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huge problem in the Muslim world. Memorization is important and it serves a role. It serves a role when it comes to preserving the text. It serves a role when it comes to sort of this technology, the stuff that actually shapes who you are, you're kind of like letting it inhabit you. But it's not enough. You have to understand and it's up to the teacher to make sure that the students understand you don't want a word for word account of what you're teaching. You want someone to be able to put it in their own words, and then to teach somebody else, right, we say that teaching is the finest form of learning because you can't teach something unless you've truly truly learned it. And that's

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more dignified. Honestly, that's more dignified for the student and for the teacher. It's not worth the teachers time to show up and just here's the words memorize the words given back to me, okay, memorize them, and it's definitely not dignified for the student. And this is where a lot of young men sort of they fall off or they lose their motivation because especially for boys, it seems I'm not sure why but boys really, really need to know

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while you're studying something, to find the motivation to study, and if they don't think that the thing that you're trying to teach them is applicable or relevant to them, then they're going to have a really, really hard time getting that motivation to study. So you need to provide that motivation as a teacher, and you need to be able to communicate with your students to preserve their dignity, they have dignity, they're human beings, right, don't insult them have respect for your student, so that they'll have respect for you. And sometimes, in addition to this sort of this memorization versus understanding, teachers cannot simply rely on being explicit all the time, right, sometimes

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you have to be implicit. Sometimes you have to let your student connect the dots. Sometimes you have to let your student fail, like put them in a situation that's going to demonstrate that they either understand this thing or they don't, and then be willing to let them fail and face their failure and then eventually overcome their failure and learn from it. That's something that a good teacher has to do. This is amazing. Alright, so heading says explicitness being too explicit too often in your instruction. It invites opposition, it invites debate, it invites pushback, because again, it says something or it implies something about the intelligence of the student, or it doesn't fully respect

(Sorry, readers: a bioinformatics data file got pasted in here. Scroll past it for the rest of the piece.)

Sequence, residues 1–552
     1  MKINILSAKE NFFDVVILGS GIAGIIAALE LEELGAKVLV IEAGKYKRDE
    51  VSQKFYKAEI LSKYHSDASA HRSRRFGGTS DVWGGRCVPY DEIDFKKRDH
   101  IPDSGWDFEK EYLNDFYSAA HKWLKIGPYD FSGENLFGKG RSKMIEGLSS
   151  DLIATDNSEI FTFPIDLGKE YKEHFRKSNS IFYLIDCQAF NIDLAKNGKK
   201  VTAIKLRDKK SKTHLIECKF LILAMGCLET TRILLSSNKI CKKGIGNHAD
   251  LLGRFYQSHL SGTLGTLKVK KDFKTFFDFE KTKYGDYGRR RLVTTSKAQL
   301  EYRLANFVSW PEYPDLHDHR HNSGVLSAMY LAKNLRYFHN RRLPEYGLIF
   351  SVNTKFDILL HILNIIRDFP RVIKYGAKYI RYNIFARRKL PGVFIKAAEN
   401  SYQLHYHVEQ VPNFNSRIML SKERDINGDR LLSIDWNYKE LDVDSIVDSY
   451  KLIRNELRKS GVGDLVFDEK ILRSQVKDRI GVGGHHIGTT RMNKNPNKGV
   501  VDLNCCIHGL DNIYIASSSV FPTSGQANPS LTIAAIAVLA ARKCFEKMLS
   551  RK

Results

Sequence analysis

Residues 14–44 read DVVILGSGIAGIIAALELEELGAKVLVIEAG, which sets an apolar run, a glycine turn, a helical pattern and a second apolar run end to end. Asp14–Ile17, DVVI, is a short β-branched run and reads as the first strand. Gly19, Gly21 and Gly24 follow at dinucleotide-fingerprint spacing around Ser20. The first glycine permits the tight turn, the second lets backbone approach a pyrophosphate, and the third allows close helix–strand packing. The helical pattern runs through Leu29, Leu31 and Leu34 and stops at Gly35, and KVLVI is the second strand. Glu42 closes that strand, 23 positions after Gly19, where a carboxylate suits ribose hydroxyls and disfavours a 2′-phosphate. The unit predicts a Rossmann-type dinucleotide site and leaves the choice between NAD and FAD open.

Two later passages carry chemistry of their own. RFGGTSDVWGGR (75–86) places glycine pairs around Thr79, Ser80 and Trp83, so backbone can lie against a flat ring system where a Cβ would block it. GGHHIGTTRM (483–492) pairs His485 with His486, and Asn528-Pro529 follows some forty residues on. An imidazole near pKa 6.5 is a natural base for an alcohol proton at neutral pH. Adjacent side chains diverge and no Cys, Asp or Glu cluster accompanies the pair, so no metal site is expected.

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the students, right? Imagine if I asked you to, I don't know, make me a sandwich, and you were like, willing to do it, because you're a nice person. And I said, Okay, you have to open the drawer. And then you have to take the knife out of the drawer, and then you have to pick up the peanut butter or whatever, then you have to unscrew the lid, then you have to stick the knife into the jar, if I was to give you that level of explicit instruction, you would be offended, right? Because I'm not assuming good of you. Right? I'm actually disrespecting you, I'm insulting you your intelligence. And I'm not showing the proper respect. So teachers actually have to have a tremendous amount of

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respect for their students. It doesn't do them any favors, to think lowly of them, or to underestimate their abilities, you have to have high standards, and you have to expect that they're going to be able to do things that is going to be maybe reaching up for them and doing something that they couldn't do before. And so the last point that I'm about us for honey makes us that the teachers have to have the right intentions, they have to do it for the right reasons. We shouldn't just be showing up for a paycheck, teachers have to avoid conflict of interest as much as possible. If not, then you have a conflict of interest where the teacher is financially dependent upon

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stretching out the course. Right, if it's a pay to play system, or it's a fee based system, you know, there's always that worry that the teacher has an incentive to keep you ignorant or to not to keep you dependent upon him. There's this famous story that's sort of like a fable that's always told where there's a doctor and one of the villagers comes to the doctor and he complains that he has a splinter in his eye or he's a piece of wood in his eye. And so the doctor subscribes in these eyedrops and say just go home and you know, put these eyedrops in your eye every night and every morning and then you'll be fine. You'll come back to me every week and get more eyedrops. And so

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this keeps on happening. This keeps on happening. And then one day the the villager comes to get new eyedrops, and the doctor isn't at home, his son is home. And so he tells the son about his situation and what's going on in the son says, oh, here, well, let me just take that Take That splinter out of your eye for you. And then the village is so happy. He doesn't need eyedrops anymore. And then the doctor comes home and talks to his son and his son explained to his father what happened and that doctor says to his son, well, you just lost a customer, right? So there's a type of teacher there's a type of teacher that is going to unfortunately cave into this pressure to keep us sort of

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prolonged to string you out to not put you in a situation where you're ready to transcend and actually move on from this particular teacher and everybody who's a student or wants to learn anything has to be very, very careful about that situation.